Several decades of data show that Black men are less likely to be screened and treated for prostate cancer than their white counterparts. In this interview, Kelvin A. Moses, MD, PhD, of Vanderbilt University Medical Center, Nashville, TN discusses the reasons for these disparities and how practicing urologists can address them.
For this installment of “Speak Out,” urologists were asked to discuss recent studies indicating African-American men with prostate cancer may be put on active surveillance without suffering complications and that they respond to radiation and some chemotherapy better than Caucasian men.
“The results of our retrospective study support taking advantage of the Cxbladder test to identify patients who should be further evaluated for cancer and to spare those who likely do not have cancer from an unnecessary workup," says Badrinath Konety, MD, MBA.
“We’re in an era of more personalized or precision medicine, and the ability to target cancer treatment to a patient’s specific genetic mutation or biomarker is becoming the standard,” according to Richard Pazdur, MD.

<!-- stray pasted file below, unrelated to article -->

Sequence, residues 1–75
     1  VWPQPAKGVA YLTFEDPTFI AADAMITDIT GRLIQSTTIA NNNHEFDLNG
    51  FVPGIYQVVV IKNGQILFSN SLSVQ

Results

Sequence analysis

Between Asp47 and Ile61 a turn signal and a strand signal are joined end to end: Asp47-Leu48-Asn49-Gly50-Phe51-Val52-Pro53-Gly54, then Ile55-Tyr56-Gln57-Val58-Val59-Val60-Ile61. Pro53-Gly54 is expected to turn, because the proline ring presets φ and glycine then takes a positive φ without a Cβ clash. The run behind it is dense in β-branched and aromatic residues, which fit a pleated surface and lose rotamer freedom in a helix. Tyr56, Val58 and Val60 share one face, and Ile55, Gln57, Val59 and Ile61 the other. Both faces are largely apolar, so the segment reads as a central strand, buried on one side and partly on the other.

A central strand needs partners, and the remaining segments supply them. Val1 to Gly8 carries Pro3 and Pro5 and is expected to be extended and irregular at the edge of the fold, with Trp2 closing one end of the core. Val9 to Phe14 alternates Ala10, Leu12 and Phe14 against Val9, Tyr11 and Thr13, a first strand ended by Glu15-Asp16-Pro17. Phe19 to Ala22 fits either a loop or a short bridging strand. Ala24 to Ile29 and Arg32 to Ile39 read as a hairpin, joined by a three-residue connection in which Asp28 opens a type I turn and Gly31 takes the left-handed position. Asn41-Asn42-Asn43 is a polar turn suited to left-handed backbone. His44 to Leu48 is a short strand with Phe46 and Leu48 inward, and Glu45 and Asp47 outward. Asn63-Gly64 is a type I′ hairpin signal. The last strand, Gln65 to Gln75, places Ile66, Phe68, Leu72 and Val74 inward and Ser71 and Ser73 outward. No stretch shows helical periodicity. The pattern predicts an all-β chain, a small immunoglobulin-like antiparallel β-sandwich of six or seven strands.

"A more standardized protocol that is office based, reliable, and reproducible as well as cost- and time-efficient is required to entice more urologists to abandon the TRUS-BX approach," writes J. Brantley Thrasher, MD.
Reduced infection rate may drive increased use of the transperineal approach.
"Irrespective of treatment, fewer than half of men reported the ability to maintain erections sufficient for intercourse at 5 years," writes Badar M. Mian, MD.
A radiolabeled small molecule that binds to prostate-specific membrane antigen is continuing to show promise for treating progressive metastatic castrate-resistant prostate cancer, according to researchers at the University of California, Los Angeles.
Chronic opioid use is rare following radical prostatectomy in Europe. Slightly more than half of men undergoing RP in Sweden between 2007 and 2017 were found to have filled an opioid prescription, but the proportion who became chronic opioid users was less than 1%.
In a study of circulating tumor cells (CTCs) in metastatic genitourinary cancer patients, shorter survival was associated with high CTC counts at baseline and on therapy, specific CTC morphologic subtypes, PD-L1-positive CTCs, and low percent CD4 and percent CD8 T-cells. Heather Chalfin, MD, discusses the data and explains how CTCs may offer an advantage over other forms of liquid biopsy.